SUNY Poly to Host U.S. Soccer Drone Championship Showcase

The first showcase of the New York U.S. Drone Soccer Championship will take place Sunday from 1-4 p.m. at the Wildcat Field House at SUNY Polytechnic Institute in Marcy.

Organizers said the event is invitation-only due to COVID-19 health and safety protocols. It targets middle and high school science, technology, engineering, and math (STEM) educators, student clubs, and after-school initiatives statewide.

The showcase will include demonstration matches and information on equipment needs, team formation and league development.

“We are very excited to introduce and bring US Drone Soccer to New York,” said Bob Payne of CNY Drones. “It’s another way to get kids involved in drone technology.”

The demonstration is a collaboration between CNY Drones and many SUNY Poly student clubs. SUNY Poly’s Academy of Model Aeronautics (AMA), Wildcat Robotics, 3D Printing and Women in Engineering clubs meet regularly with CNY Drones.

Student clubs co-host demonstrations, tech meets, practices and competitions, according to SUNY Poly officials. Clubs are also hosting drone football meetings for SUNY students on campus.

CNY Drones is a community-based, volunteer-run organization that promotes drone-focused STEM.

The organization was New York’s first AMA Model Aircraft student club and has expanded its reach as an AMA Region II Affiliate for American football by drone in New York and New Jersey, according to information provided by the organization. .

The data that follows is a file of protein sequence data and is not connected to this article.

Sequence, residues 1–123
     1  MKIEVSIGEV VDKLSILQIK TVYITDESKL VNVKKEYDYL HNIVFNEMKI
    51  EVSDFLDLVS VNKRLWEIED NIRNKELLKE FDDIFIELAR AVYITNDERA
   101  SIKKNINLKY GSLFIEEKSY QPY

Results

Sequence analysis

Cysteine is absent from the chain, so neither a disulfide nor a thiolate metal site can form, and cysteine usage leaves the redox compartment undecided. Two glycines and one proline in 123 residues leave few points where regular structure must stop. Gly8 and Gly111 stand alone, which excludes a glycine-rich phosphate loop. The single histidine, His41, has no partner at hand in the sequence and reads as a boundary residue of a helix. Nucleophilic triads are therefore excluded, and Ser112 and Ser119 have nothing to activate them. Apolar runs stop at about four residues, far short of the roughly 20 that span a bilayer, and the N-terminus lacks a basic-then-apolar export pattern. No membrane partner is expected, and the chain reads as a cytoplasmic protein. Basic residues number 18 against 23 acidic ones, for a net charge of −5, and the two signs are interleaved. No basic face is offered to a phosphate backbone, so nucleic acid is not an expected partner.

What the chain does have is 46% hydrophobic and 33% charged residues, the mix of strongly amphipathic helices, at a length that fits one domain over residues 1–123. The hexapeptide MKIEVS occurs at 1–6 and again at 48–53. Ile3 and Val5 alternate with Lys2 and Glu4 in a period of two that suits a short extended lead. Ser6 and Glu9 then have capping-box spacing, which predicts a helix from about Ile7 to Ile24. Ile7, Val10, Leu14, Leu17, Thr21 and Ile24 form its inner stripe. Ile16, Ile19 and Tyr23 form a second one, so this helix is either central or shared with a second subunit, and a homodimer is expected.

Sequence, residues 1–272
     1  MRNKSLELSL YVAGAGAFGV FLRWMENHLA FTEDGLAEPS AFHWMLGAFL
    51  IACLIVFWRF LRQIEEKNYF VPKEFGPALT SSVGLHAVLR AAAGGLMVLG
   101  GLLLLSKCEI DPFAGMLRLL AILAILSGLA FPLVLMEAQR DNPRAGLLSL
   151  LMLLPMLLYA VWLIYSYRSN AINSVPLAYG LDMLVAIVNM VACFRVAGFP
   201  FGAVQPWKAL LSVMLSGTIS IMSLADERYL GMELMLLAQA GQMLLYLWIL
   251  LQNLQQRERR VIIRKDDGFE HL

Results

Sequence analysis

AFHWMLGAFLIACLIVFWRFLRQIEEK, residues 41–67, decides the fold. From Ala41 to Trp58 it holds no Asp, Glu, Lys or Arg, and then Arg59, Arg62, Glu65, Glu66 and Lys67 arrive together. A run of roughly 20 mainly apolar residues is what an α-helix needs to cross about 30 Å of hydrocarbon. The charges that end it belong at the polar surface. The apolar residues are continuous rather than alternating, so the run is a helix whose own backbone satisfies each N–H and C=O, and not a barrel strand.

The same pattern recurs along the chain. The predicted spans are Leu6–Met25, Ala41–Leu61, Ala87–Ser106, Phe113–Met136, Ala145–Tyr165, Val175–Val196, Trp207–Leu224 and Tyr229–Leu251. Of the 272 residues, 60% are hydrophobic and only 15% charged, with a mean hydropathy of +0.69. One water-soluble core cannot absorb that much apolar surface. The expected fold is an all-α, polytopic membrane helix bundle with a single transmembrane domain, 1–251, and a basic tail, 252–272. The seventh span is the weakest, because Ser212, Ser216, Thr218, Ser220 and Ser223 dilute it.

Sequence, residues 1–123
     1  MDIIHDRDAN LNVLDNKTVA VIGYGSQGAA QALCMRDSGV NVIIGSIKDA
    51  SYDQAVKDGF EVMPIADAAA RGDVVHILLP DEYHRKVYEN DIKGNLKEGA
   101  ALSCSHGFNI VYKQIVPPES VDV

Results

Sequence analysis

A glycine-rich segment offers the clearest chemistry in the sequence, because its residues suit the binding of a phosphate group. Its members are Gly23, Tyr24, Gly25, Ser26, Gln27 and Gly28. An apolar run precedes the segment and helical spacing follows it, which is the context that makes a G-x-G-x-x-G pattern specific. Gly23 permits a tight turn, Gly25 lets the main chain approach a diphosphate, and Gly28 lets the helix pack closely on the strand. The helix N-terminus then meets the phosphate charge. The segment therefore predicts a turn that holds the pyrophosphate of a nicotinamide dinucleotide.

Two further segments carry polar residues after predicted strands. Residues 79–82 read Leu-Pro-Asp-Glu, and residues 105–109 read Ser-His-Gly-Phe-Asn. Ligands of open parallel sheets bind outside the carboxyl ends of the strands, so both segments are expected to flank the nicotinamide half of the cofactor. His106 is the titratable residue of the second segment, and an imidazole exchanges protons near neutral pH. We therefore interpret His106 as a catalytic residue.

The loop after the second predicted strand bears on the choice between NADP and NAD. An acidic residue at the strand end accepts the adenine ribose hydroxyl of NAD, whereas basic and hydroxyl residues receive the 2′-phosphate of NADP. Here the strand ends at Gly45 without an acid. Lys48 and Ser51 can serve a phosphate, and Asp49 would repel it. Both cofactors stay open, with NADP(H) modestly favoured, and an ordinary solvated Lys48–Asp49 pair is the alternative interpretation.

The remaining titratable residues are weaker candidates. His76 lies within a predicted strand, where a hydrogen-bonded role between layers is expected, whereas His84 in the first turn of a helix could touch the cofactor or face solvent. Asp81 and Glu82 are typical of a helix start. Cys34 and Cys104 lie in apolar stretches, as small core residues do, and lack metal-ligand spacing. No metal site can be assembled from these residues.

The Air Force Research Lab, also known as Rome Lab, the Griffiss Institute, SUNY Polytechnic Institute’s College of Engineering and the Technology Alliance of Central New York (TACNY) supported CNY Drones with the soccer drone, the official said. ‘organization.

What is drone football?

Drone soccer is played with quadcopters flying in protective exoskeletons designed for collisions, according to information included in the student league announcement.

Teams of five players fly inside a net arena, where they smash and block an opposing team to prevent them from scoring.

Students who participate in drone soccer competitions must first learn how to build, program and repair drones as a team.

“The joy of flying is real,” US Drone Soccer President David Roberts said in a statement. “When a student takes a plane, then crashes and does his first repairs, he becomes an engineer for life.”

Drone soccer was introduced in North America in 2019, according to information provided by CNY Drones.

US Drone Soccer’s mission is to make aerospace careers accessible to all students, according to a Jan. 26 statement on the nationwide launch of student leagues.

Drone soccer is an educational esport that provides students with aviation skills through classroom lessons and extracurricular leagues for grades 6-12.

It is the only competitive student robotics program recognized as an international sport by the World Air Sports Federation. Another demonstration is planned for the world games in Birmingham, Alabama, in July.

National esports information can be found at https://dronesoccer.us/. Contact information for the league and New York State start-ups can be found on the CNY Drones Information Center: https://www.cnydrones.org.

Ed Harris is the Oneida County reporter for the Observer-Dispatch. Email Ed Harris at [email protected]

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